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Casa Esperanza, now officially Santa Barbara Path, has started its winter season but has yet to hit its maximum capacity of 200 residents.

Paul Wellman (file)

Casa Esperanza, now officially Santa Barbara Path, has started its winter season but has yet to hit its maximum capacity of 200 residents.


Casa Esperanza Partnering with L.A. Nonprofit

People Assisting The Homeless Expected to Provide Financial and Operational Expertise


The Santa Barbara City Council conceptually approved plans for Casa Esperanza, the largest homeless shelter on the South Coast, to merge with a Los Angeles nonprofit, People Assisting The Homeless (PATH), which boasts 30 years experience operating shelters in 22 communities from San Diego to San Luis Obispo.

PATH executive Joel John Roberts underscored his organization’s commitment to transitioning people from the streets into housing — he claimed PATH helped house 4,200 people — rather than just providing shelter and food. In addition, Roberts stressed the need to “wow” the neighbors in communities where PATH operates. Given Casa Esperanza’s tumultuous relations with some Milpas Street businesses, this was music to the councilmembers’ ears.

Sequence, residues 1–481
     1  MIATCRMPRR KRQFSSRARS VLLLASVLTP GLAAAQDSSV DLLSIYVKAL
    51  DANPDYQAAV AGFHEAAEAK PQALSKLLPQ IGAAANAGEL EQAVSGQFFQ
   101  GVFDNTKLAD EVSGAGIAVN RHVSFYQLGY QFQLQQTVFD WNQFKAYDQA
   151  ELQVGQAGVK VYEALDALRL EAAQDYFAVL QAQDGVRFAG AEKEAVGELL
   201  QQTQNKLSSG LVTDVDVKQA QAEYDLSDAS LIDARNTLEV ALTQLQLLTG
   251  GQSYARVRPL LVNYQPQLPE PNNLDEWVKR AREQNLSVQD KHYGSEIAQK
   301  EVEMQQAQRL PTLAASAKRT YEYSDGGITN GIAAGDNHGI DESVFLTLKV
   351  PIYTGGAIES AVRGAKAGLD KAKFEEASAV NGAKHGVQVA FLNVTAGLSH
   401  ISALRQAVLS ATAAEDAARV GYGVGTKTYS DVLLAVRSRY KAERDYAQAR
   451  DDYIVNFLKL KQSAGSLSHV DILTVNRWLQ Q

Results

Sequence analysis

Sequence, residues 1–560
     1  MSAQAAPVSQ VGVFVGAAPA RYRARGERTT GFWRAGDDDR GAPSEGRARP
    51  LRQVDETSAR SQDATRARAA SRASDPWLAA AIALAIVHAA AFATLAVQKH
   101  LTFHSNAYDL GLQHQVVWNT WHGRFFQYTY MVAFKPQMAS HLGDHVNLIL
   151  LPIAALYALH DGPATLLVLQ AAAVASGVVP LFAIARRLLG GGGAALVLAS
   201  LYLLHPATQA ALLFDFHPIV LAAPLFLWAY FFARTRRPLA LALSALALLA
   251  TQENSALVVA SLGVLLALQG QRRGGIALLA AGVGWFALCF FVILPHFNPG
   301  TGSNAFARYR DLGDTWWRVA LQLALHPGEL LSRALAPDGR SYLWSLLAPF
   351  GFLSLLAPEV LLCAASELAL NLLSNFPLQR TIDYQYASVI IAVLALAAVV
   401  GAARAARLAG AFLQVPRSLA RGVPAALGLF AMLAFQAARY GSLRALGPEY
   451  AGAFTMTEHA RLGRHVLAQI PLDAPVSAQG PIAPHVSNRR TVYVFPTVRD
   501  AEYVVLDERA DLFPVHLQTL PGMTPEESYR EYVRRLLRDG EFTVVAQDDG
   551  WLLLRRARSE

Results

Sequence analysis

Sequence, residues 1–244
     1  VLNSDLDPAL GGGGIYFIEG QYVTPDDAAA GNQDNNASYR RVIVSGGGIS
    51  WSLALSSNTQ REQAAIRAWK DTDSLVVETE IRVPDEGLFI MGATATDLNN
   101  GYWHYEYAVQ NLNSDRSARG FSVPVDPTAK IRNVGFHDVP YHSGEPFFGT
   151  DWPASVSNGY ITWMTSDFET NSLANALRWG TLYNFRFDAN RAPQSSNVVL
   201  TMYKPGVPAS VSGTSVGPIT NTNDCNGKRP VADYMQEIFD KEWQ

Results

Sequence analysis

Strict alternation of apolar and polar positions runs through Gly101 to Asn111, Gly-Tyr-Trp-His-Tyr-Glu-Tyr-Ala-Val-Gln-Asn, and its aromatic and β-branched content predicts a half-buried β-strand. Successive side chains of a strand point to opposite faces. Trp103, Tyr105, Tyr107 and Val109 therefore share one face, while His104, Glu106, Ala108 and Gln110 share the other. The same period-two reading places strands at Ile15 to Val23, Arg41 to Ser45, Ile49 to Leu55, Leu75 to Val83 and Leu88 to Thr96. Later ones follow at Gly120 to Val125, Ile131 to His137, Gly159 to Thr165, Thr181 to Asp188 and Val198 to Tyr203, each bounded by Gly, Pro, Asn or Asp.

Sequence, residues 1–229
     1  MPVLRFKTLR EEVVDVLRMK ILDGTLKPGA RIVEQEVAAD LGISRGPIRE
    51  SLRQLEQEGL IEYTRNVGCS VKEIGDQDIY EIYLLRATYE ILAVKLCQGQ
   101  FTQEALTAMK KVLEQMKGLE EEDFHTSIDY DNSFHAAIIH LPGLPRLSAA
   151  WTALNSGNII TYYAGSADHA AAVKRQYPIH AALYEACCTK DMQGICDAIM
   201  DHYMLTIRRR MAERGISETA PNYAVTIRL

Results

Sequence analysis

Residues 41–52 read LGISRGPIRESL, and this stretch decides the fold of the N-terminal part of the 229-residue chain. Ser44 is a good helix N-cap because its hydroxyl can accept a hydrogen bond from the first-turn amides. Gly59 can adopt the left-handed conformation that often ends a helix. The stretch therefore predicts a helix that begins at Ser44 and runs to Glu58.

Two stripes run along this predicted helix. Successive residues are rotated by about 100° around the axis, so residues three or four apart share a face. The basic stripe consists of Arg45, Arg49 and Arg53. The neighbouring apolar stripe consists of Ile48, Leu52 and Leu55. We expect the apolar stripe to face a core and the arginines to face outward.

PATH’s involvement promises to inject both financial stability and expertise to an enterprise born out of public-private partnership backed strongly — and generously — by City Hall. For the merger to go through, PATH needed assurances that the permits held by Casa Esperanza could be transferred and that City Hall would continue funding the shelter out of several separate funds, this year to the tune of $400,000.

City Attorney Ariel Calonne stated much work remained to be done hammering out details, but in concept not one discouraging word was heard. If all goes according to schedule, the merger should be complete by July. Casa Esperanza operates a year-round shelter of 100 beds and a winter shelter with 100 more. PATH currently has 400 beds in its many shelters, but 1,500 units of transitional housing.

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